I do see, acknowledge, ponder, and even (mentally) respond to some of those “one word” or “two word” writing prompts that pop up from time to time; however, recently, I haven’t had a lot of free time to pen out long, thought-provoking chronicles, or even insightfully toasty chestnuts of wisdom to share with the masses (school will do that to a person’s cache of unobligated minutes – note previous post, “6,810”…). That’s not to say that I ignore the prompts entirely either, avoiding any version of “eye contact”, as one would, trying to escape the shopping store without being accosted by the newspaper vendor offering a free Sunday issue, the cable/dish t.v. service vendor trying to make small talk, or those adorable Capitalists-in-training, with their boxes and tubs of chocolate, popcorn, and cookies. No, I admit, while most of them I give only a passing glance, gnaw on the concept for a fleeting moment or two to see if it’s flavorful, and usually expel before any ache takes form in my jaw or head, some of them get stuck in my teeth, forcing me to wrestle with them for longer than a hiccup, and darn if unsolicited ideas don’t start to form like dastardly rain clouds over a long-awaited beach party.

One such prompt was the single word, “Melody”. I’m sure there are a million different directions a ripe mind could take this term. I think, however, when I happened across it, my mind was beyond ripe, and the term steam-rolled right over me, spewing creative juices and seeds of introspection throughout the entirety of my conscious. The hardest part about the whole experience was finding the time to make something coherent out of it – whether there were enough logical pieces to dice up, throw together with peppery bits, emotional, tear-inducing slivers, zingy one-liners, and serve it all with a big bowl of corniness, or whether I’d just have to scoop up the remnants, continue to grind away and just make a saucy pulp out of it.

Now, most people know what a melody is, but in case there are any doubts, let me just state the basics: a melody is the succession of single tones in musical compositions, producing a distinct musical phrase or idea, and is considered the principal part in a harmonic composition (thank you Dictionary.com). That was easy enough. So why all the fuss? Why did this word hit like a drum line before kick-off at the Homecoming Game? Because after giving a moment’s thought to “melody”, I began to consider its partner, “harmony”. And, well, there’s been a serious lacking of “harmony” in my life lately.

I had the pleasure of sitting down with a good friend the day before my classes began this term, and she and I got on the topic of employment (ugh… that can be as painful as slicing open your finger with the edge of paper, and drowning that cut in a vat of salty lemon juice! But, I digress…). She is wise, this friend of mine; wise, loving, patient, and encouraging! Knowing that I’ve wrestled from time to time with my choice to forego personal pursuits for the tediousness of “obligation” and valiantly wearing the mask of “responsibility”, she assured me that hope was not lost, and that the opportunity may still exist to shake off the dust of corporate society and rekindle the fiery passion I once coddled like a iridescent soap bubble whimsically dancing on the breeze just above the death-spikes of the spring lawn. But, alas, I explained to her my years and years of “conditioning”, my submission to conformity, and my subsequent fashioning into the perfect corporate “cog”. She just smiled, gave me a hug, and told me I was not “a cog”! Bless her!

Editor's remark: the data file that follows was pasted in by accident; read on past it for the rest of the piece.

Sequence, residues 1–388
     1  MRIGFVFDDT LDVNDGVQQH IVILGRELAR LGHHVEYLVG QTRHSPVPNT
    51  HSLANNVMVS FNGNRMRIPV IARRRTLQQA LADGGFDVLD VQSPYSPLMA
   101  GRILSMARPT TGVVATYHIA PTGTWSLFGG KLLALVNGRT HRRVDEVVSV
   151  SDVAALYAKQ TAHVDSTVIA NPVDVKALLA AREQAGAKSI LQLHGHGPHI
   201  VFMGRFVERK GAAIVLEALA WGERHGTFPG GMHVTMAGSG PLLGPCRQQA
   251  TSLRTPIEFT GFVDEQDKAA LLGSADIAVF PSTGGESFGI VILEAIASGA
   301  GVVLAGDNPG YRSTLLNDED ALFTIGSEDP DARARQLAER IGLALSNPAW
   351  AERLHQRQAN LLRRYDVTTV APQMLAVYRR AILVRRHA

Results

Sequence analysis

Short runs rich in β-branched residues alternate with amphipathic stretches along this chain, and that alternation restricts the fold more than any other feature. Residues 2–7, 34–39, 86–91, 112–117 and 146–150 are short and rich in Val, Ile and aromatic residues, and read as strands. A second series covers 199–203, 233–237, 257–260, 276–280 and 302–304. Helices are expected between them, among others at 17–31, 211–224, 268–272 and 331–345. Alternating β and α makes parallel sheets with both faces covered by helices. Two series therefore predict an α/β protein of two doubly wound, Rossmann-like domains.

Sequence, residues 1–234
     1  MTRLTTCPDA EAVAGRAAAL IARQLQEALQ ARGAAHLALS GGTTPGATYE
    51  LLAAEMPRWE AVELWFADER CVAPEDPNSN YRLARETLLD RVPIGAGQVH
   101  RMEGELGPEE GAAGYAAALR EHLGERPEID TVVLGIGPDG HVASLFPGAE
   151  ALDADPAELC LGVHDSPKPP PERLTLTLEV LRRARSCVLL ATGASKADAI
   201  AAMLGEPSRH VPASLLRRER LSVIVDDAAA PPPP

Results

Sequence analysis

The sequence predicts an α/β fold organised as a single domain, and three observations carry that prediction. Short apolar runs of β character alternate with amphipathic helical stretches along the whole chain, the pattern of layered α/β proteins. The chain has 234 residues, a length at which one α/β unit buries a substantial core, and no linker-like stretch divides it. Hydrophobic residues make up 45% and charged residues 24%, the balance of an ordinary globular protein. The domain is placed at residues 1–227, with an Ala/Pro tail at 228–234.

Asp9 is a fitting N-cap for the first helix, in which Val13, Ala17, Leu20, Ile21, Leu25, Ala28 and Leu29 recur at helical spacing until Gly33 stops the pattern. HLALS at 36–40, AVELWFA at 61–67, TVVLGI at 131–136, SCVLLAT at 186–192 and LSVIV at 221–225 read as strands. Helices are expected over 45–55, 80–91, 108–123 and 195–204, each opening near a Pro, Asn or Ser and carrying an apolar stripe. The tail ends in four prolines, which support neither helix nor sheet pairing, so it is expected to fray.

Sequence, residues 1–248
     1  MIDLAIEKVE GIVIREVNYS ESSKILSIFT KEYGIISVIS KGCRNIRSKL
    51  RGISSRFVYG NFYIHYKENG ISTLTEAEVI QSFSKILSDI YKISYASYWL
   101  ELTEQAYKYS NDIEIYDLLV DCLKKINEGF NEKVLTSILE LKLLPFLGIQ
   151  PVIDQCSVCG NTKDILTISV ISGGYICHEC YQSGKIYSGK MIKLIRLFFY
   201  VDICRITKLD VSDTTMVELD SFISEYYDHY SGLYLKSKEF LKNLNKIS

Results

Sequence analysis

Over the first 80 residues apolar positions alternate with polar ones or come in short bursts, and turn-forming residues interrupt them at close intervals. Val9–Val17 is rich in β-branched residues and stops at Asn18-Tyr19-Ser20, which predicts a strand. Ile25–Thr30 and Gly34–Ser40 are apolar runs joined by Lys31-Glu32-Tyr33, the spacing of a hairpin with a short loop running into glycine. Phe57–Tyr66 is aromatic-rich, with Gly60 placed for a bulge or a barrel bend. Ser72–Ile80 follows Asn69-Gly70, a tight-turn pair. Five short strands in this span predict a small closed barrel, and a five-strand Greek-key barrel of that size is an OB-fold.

What that conversation made me realize was that much of my life – especially recently – lacked depth. I submitted early to the idea that creativity was unacceptable and that conformity was essential for survival (find a career path that was sustainable regardless of economic and geographical circumstances). I carried that ideology from my youth, through my young adulthood, and into my later years. My life-song was pure melody; there was no acceptance of random, complementary high and low notes, lofty imaginativeness, intoxicating fervor, vision, talent, and originality, despite my admiration of such occurrences in others’ lives. I hid “symptoms” of inspiration, knowing that one could not sing both melody and harmony simultaneously, and I knew it was wrong to abandon the “principal parts” in life. Therefore, I would stick to the melody, and allow my song to be flat, monotonous.

That’s all and well – for me. However, I have children. And I feel that I’ve done them a terrible disservice! By carrying this philosophy of “conformity” and “obligation”, I fear that I may have strangled the creativity out of their spirits – just as was done to me when I was younger. Not having much of an advocate to help foster ingenious and innovative thinking, colorful and charismatic dreaming, and fanciful and flagrant cavorting, I did not know how to be such an advocate for my children – at least not wholeheartedly. I hope I may have slipped from time to time, and said something encouraging back before the weight of the world came crashing in on them; I pray that they still harbor flames of inspiration within their souls, and coax it out to at least toast a marshmallow or two! If nothing else, I openly say at this time I am deeply sorry if my “cog”-iness was more desert than your pools of enchantment could endure. My wish for you, my dear children (and for anyone on the brink of suspended animation) is to pursue what makes your heart soar! Live for your dreams, and never allow yourself to become a cog of the system – conditioned and effectively lifeless. Stand tall. Stand proud. Stand out.

As the reader-board in front of the physical therapy clinic put it so succinctly:

‘Be a flamingo in a flock of pigeons.’